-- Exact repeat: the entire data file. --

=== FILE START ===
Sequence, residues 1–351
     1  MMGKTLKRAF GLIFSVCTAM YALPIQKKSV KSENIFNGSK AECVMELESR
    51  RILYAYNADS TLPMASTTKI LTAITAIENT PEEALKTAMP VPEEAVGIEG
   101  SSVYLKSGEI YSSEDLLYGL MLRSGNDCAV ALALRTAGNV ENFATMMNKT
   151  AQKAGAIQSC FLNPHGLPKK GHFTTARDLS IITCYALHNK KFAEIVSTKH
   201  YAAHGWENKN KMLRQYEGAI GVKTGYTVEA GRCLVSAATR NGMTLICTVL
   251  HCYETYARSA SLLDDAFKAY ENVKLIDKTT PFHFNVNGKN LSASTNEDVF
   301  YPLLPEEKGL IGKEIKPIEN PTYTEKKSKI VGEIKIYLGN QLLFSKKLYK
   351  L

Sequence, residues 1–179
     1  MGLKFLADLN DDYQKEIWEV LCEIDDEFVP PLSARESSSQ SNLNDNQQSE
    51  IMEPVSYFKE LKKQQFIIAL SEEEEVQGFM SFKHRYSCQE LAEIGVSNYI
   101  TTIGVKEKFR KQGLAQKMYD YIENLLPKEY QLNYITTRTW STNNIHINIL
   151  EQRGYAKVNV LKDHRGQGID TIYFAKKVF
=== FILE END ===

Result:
Sequence, residues 1–351
     1  MMGKTLKRAF GLIFSVCTAM YALPIQKKSV KSENIFNGSK AECVMELESR
    51  RILYAYNADS TLPMASTTKI LTAITAIENT PEEALKTAMP VPEEAVGIEG
   101  SSVYLKSGEI YSSEDLLYGL MLRSGNDCAV ALALRTAGNV ENFATMMNKT
   151  AQKAGAIQSC FLNPHGLPKK GHFTTARDLS IITCYALHNK KFAEIVSTKH
   201  YAAHGWENKN KMLRQYEGAI GVKTGYTVEA GRCLVSAATR NGMTLICTVL
   251  HCYETYARSA SLLDDAFKAY ENVKLIDKTT PFHFNVNGKN LSASTNEDVF
   301  YPLLPEEKGL IGKEIKPIEN PTYTEKKSKI VGEIKIYLGN QLLFSKKLYK
   351  L

Sequence, residues 1–179
     1  MGLKFLADLN DDYQKEIWEV LCEIDDEFVP PLSARESSSQ SNLNDNQQSE
    51  IMEPVSYFKE LKKQQFIIAL SEEEEVQGFM SFKHRYSCQE LAEIGVSNYI
   101  TTIGVKEKFR KQGLAQKMYD YIENLLPKEY QLNYITTRTW STNNIHINIL
   151  EQRGYAKVNV LKDHRGQGID TIYFAKKVF